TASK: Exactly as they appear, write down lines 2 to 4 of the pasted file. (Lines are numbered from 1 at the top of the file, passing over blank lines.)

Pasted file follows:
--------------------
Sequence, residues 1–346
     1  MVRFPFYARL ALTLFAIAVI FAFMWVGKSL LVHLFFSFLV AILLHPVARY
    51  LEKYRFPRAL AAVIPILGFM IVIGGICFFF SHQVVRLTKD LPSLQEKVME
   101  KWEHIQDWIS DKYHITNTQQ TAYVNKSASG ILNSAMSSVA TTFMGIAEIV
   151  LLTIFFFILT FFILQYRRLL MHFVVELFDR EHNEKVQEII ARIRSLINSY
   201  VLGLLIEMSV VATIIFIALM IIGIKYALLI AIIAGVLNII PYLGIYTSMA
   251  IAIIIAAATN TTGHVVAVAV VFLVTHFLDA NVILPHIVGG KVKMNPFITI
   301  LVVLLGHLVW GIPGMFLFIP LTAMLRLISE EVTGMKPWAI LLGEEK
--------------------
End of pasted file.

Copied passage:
     1  MVRFPFYARL ALTLFAIAVI FAFMWVGKSL LVHLFFSFLV AILLHPVARY
    51  LEKYRFPRAL AAVIPILGFM IVIGGICFFF SHQVVRLTKD LPSLQEKVME
   101  KWEHIQDWIS DKYHITNTQQ TAYVNKSASG ILNSAMSSVA TTFMGIAEIV